"Then one of two things happens: either our adhesion and fidelity to God is broken, our recollection is scattered, and our loving attention and activity stopped dead by attention to that hurt and smarting Self, or we refuse to be turned from God even by interior or exterior pain. We seize the pain or trouble or bitterness, and offer it, turning it into fuel to feed the flame of our hearts – and so we intensify the act of our union and love…"
"Suffering spoils many people. There are numbers of pious souls who turn away from God through suffering. Self and its claims to attention are too strong – and then, love and devotion or fidelity to Our Lord give way to self-pity, murmuring, resistance, bitterness. Punishment and purification too frequently embitter the heart where Self prevails, turning(ing) it from its end…and hardens it in perversity…"
"But if under sufferings, humiliations, trials, and repugnances, we have the light, grace, and courage to accept them in submission, in resignation, and self-humiliation, and with a closer movement to the bosom of Our Heavenly Father…then never, never has our love of that Father…been more thorough, more effective, and more intensely sincere…"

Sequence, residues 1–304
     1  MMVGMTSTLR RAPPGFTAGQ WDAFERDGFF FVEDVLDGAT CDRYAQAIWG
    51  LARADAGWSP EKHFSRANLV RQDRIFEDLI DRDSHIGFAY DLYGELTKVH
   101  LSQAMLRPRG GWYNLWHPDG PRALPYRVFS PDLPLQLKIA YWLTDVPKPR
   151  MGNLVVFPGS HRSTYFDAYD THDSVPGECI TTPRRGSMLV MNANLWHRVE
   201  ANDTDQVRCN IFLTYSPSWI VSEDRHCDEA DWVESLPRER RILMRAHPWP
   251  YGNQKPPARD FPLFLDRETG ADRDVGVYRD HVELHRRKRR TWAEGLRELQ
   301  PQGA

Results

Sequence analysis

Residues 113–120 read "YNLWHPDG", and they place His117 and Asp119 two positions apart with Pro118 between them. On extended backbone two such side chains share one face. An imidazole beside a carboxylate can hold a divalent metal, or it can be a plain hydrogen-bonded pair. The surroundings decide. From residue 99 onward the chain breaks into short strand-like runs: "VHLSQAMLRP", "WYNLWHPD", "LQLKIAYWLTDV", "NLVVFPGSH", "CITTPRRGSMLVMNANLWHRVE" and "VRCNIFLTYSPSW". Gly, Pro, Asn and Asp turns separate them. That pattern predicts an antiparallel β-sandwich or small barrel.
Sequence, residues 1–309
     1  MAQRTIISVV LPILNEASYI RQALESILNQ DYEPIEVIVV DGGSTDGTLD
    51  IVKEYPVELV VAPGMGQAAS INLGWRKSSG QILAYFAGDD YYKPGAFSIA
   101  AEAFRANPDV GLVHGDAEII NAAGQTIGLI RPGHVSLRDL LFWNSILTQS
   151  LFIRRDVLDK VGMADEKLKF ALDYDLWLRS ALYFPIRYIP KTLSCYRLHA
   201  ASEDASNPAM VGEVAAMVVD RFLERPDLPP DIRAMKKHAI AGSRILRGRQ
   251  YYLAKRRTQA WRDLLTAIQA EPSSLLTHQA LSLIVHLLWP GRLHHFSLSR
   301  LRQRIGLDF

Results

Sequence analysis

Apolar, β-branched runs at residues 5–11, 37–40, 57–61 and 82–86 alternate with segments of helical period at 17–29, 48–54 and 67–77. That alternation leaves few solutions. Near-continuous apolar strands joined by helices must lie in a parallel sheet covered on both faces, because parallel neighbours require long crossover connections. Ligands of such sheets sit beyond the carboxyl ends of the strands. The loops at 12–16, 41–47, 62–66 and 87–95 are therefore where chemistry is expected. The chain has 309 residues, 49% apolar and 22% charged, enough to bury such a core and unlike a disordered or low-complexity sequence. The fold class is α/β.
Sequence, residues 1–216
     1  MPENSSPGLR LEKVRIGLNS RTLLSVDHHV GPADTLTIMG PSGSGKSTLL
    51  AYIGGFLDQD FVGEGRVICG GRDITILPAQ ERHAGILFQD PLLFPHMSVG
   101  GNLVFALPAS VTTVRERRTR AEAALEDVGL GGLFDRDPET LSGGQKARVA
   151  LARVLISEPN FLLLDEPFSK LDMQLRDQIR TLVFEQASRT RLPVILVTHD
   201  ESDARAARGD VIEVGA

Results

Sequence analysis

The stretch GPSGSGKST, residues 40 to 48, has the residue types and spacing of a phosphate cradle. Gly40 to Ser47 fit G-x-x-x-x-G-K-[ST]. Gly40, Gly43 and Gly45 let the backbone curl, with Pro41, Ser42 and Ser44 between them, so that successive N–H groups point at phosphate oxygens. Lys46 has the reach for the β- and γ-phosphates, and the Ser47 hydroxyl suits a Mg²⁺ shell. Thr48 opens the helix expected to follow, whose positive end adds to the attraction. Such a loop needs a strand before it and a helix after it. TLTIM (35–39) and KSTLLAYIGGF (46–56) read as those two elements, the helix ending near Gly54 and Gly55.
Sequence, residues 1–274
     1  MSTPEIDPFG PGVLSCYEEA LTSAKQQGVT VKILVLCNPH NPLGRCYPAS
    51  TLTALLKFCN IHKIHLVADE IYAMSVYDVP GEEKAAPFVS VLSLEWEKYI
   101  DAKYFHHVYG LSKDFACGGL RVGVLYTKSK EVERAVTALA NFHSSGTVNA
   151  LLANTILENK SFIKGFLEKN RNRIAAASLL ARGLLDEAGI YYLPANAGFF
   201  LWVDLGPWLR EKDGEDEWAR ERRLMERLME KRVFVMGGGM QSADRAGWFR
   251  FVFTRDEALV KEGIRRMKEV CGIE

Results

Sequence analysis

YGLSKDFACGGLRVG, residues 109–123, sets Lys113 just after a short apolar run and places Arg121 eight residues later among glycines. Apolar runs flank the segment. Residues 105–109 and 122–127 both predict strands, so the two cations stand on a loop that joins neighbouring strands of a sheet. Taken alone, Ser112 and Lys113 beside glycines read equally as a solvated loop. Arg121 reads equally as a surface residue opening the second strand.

"Meditation on the Passion of Our Lord is good for all persons and for all conditions of men. It has power to turn sinners from evil and rouse them to sorrow for their sins and abhorrence of them. It gives strength and a most powerful example of virtue to those who are making progress, and it is the most forcible incentive to love for the perfect."
"As the Passion of Our Lord was the last act of His life, so also it contains all that is highest and most complete in perfection; all (of) Our Lord’s examples of virtue, which were scattered over the whole of His Life, shine forth still more highly in the Passion; all of the instruction contained in His discourses, all His doctrine, and all His most excellent counsels are preached in His Passion. All the depth of suffering that anyone can undergo, all the extremities of misery to which anyone may be brought – all are in the Passion: all deliverance from illusion and all learning of the truth are in the Passion; all knowledge, understanding, and heavenly wisdom are to be found in the Passion…"